A decade of medicine, business, and technology at PennHealthX

PennHealthX, started as a traditional extracurricular club, has grown into an influential student-driven creative hub for projects and programs at the intersection of medicine with other disciplines.

PennHealthX began as a student group where future doctors can explore their interests in business and technology. After 10 years, it has surpassed the standard for traditional extracurricular clubs, and has grown into an influential student-driven creative hub within the Perelman School of Medicine (PSOM), a place where future doctors can experiment with new ideas at the crossroads of medicine and other disciplines, discover alternate career paths and even launch their own businesses. The club includes a popular lecture series, internship funding, an annual conference and a venture arm, as well as a revolving host of projects based on the interests of its student participants.

Roderick Wong (second from left) with Diane Dao, Dan O’Connor, and Jacqueline Soegaard Ballester.
Benefactor and health care investor Roderick Wong (second from left) with PennHealthX co-founders Diane Dao, Dan O’Connor, and Jacqueline Soegaard Ballester. (Image: Penn Medicine News)

The seed for PennHealthX was planted in 2012 by first-year medical students Jacqueline Soegaard Ballester and Dan O’Connor. All three students had chosen to attend PSOM because they were attracted to Penn’s ecosystem of business and innovation. To them, medical education was about more than becoming a top-notch physician—it was also about finding a place in a rapidly evolving health care ecosystem, where fitness trackers and connected apps were flourishing, doctors were launching health-focused startups and medical providers were preparing for the mandatory shift to electronic health records.

The three classmates already had ideas they were eager to explore. O’Connor hoped to develop his own health care startups. Soegaard Ballester wanted to hone her skills in health informatics—the combination of health care and information technologies to improve patient outcomes. And Dao was intrigued by health care leadership and operations management. But Penn lacked a structured avenue for early medical school students to access Penn’s business community.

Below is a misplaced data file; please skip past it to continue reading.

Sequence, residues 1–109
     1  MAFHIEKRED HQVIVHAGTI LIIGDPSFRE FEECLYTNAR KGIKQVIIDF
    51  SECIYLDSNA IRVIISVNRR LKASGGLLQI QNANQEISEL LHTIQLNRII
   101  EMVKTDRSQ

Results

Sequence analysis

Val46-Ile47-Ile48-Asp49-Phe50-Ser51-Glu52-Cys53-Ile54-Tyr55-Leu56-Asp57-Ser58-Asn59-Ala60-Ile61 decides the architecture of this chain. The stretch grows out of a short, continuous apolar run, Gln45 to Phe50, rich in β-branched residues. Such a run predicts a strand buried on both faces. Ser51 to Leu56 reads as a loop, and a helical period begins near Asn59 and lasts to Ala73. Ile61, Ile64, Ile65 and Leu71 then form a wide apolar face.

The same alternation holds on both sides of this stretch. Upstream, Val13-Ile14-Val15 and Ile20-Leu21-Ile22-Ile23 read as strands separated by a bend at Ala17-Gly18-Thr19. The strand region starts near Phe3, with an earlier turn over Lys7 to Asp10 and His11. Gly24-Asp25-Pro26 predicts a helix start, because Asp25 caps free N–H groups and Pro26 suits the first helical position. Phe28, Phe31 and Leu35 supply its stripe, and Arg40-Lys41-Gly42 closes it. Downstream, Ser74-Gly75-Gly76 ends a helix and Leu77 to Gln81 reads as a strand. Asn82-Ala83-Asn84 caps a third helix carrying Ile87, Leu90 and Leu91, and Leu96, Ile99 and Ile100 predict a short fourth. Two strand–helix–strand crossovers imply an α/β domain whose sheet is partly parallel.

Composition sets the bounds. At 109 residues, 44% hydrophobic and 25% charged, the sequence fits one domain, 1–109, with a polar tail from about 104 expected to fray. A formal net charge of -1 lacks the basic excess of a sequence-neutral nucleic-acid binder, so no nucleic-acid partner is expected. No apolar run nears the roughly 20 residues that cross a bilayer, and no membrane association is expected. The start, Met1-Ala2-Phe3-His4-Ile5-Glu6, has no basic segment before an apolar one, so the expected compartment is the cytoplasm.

The trio fleshed out their ideas in a shared Google document. They drafted a proposal for a new medical student group and an accompanying area of concentration in the medical school curriculum dubbed Healthcare Management, Entrepreneurship, and Technology, which was modeled on other medical school concentrations, such as those in women’s health and global health.

Ten years later, the program now known as PennHealthX has exceeded the expectations of its founders. The club has grown into an influential student-driven creative hub within PSOM. 

The ranks of PennHealthX alumni will only grow, as a $6 million gift from health care investor Roderick Wong, has endowed the program, ensuring it can continue in perpetuity. “You have leaders in clinical medicine and leaders in academic medicine, but [HealthX students] are going to be the leaders in medical innovation,” Wong says. “It’s great that Penn is attracting those people because they’re going to change the future.”